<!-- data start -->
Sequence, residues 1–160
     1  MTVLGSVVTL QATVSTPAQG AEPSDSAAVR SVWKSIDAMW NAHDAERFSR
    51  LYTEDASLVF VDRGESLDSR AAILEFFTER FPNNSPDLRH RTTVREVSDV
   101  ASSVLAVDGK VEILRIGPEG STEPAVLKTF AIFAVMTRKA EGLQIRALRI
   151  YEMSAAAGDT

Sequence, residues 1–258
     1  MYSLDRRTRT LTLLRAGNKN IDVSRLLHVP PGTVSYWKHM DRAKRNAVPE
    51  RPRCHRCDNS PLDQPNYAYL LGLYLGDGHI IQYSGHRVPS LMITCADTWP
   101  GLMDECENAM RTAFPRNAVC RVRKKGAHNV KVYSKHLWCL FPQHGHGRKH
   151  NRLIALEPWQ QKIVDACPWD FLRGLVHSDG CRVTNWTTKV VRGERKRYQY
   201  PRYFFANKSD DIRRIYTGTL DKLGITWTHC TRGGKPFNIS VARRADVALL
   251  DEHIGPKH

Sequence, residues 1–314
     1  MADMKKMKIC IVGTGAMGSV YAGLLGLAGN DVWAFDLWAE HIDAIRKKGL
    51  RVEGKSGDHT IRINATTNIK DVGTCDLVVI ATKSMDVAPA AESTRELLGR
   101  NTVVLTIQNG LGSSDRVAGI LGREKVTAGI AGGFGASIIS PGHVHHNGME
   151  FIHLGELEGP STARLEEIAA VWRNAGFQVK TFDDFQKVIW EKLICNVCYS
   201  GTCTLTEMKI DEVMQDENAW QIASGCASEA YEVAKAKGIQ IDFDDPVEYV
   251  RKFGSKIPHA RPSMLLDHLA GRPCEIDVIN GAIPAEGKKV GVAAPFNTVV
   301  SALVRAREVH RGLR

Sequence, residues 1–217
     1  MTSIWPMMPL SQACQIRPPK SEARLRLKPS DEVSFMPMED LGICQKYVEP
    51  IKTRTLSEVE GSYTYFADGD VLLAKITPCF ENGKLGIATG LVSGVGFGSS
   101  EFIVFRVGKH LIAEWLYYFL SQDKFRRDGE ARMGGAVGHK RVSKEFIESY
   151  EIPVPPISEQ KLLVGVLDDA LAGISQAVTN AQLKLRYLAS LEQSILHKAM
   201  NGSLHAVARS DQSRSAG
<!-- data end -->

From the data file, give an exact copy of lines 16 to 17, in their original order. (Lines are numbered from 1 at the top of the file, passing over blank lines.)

   101  NTVVLTIQNG LGSSDRVAGI LGREKVTAGI AGGFGASIIS PGHVHHNGME
   151  FIHLGELEGP STARLEEIAA VWRNAGFQVK TFDDFQKVIW EKLICNVCYS